Evolutionary Alternatives for Metropolitan Areas: The Capital Region of British Columbia

“It is common to examine the organisation of local government in terms of the functions different local governments are responsible for. Equally important, however, is at what level decisions on “who does what” are made and accommodations to change undertaken. On the questions of both functional responsibility and where decisions are made, it is interesting to compare the provincial approaches taken in Ontario, New Brunswick and Nova Scotia with those of Alberta and British Columbia.

In this paper, the differences in approaches are briefly described; then, details are provided for one major case in British Columbia, the capital region. Because the capital region of British Columbia has the same population as the newly amalgamated Halifax Regional Municipality (HRM), but could not be more differently organised, some comparisons between the capital region and HRM are provided to illustrate the differences. Provincial Approaches Provincial policy in Ontario, Nova Scotia and New Brunswick implies that the provincial government knows best how to organise local government and assign functions to different local government units as evidenced by provincial imposed reorganisations, including amalgamation, in Miramichi in New Brunswick, Cape Breton and Halifax in Nova Scotia, and in several regions of Ontario (Vojnovic 1997).

The policy implies that one can analyze local government services, decide who should do what, and impose the most efficient structure, even when local officials and citizens disagree. This parallels a classical central planning perspective where one assumes that local knowledge is easy to obtain and some optimal organisation can be identified by central authorities. Provincial policy in Alberta and British Columbia is much different. In both of these provinces, their municipal acts set out procedural rules whereby citizens may incorporate, dissolve or amalgamate local government with the initiative coming from citizens or local governments themselves. Both provide for the creation of regional organisations but do not impose them.

The approach is one where structure itself is left to local people with the expectation that they will pursue their own interest and evolve appropriate structures of local government over time. In addition, local units make their own decisions on “who does what” in dividing responsibility for different services among themselves, including between the municipal and regional governments. This is much more an evolutionary approach where it is assumed that local people know best and that local government organisation and operations will evolve over time to meet citizens’ needs. The provincial government itself provides the basic rules within which these changes can occur much as it provides a basic legal structure for markets. This latter approach contrasts with central planning approaches in that it recognises that local information is costly and that polycentric institutional arrangements may outperform centralised ones in complex environments.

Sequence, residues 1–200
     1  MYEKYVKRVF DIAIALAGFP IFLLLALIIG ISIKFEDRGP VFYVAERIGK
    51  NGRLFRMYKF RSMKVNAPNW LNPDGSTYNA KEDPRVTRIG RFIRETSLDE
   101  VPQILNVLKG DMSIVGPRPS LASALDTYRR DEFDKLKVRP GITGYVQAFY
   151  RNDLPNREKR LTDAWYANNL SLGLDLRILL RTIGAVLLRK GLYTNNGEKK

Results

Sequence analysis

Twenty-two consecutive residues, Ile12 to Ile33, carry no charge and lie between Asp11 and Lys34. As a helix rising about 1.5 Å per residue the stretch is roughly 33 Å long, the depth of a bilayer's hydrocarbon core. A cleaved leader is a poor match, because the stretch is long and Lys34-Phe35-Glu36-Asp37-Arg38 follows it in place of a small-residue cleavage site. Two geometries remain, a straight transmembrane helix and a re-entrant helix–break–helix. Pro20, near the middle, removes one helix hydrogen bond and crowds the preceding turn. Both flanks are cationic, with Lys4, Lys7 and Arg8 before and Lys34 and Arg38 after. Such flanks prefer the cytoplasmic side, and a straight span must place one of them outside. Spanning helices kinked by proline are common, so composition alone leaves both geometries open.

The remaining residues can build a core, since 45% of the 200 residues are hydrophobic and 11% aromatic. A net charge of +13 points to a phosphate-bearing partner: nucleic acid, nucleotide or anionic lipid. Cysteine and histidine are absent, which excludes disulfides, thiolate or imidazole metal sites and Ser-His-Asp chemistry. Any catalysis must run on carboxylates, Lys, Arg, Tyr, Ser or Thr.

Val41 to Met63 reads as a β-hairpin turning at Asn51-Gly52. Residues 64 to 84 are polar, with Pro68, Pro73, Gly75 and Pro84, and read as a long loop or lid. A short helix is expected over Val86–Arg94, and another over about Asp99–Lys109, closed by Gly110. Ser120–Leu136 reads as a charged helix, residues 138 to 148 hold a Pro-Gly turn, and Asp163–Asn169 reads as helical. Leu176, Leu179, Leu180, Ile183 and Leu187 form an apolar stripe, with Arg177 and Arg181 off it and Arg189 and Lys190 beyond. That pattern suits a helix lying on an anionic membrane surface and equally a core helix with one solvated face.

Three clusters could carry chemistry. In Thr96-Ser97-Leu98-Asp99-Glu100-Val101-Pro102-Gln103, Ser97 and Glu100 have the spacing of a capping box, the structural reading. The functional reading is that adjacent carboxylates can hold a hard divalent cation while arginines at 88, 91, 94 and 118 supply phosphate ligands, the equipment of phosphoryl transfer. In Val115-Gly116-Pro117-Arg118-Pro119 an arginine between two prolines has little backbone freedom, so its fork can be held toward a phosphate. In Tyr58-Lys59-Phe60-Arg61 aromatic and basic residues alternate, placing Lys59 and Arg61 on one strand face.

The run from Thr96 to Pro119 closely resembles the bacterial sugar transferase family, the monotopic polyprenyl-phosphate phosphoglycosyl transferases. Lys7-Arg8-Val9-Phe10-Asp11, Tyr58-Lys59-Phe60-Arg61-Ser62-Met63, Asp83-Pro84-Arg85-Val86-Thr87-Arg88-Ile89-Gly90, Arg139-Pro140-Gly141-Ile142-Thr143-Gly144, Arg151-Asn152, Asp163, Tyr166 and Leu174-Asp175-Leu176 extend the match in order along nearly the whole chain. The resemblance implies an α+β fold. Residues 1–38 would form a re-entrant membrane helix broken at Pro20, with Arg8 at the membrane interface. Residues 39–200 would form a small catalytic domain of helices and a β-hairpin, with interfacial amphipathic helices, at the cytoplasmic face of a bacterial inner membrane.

It is useful to examine this latter approach with the British Columbia model, and specifically with some comparisons with Halifax. British Columbia British Columbia has a long history of policies allowing local citizens to take the initiative regarding local government structure similar to the states of Washington, Oregon and California. In 1919, for example, “home-rule,” where a municipality can organise itself and undertake any activity not specifically forbidden by the provincial government, only failed by one vote in the legislature (Bish and Clemens 1999). British Columbia’s philosophy has resulted in municipalities and improvement districts throughout the province, but there was no general form of local government outside of municipal boundaries. In these rural areas the provincial government provided roads and policing, there were school districts across the province and welfare was and continues to be provided provincially province-wide.”

Published in The Canadian Journal of Regional Science | R. Bish | 2000, https://www.semanticscholar.org/paper/Evolutionary-Alternatives-for-Metropolitan-Areas%3A-Bish/58cec92ad9ead7fbed90ea51be616e644ad3f91f, https://consensus.app/details/approaches-provincial-policy-ontario-nova-scotia-bish/db938c51605d5c2a97298ac279c98648/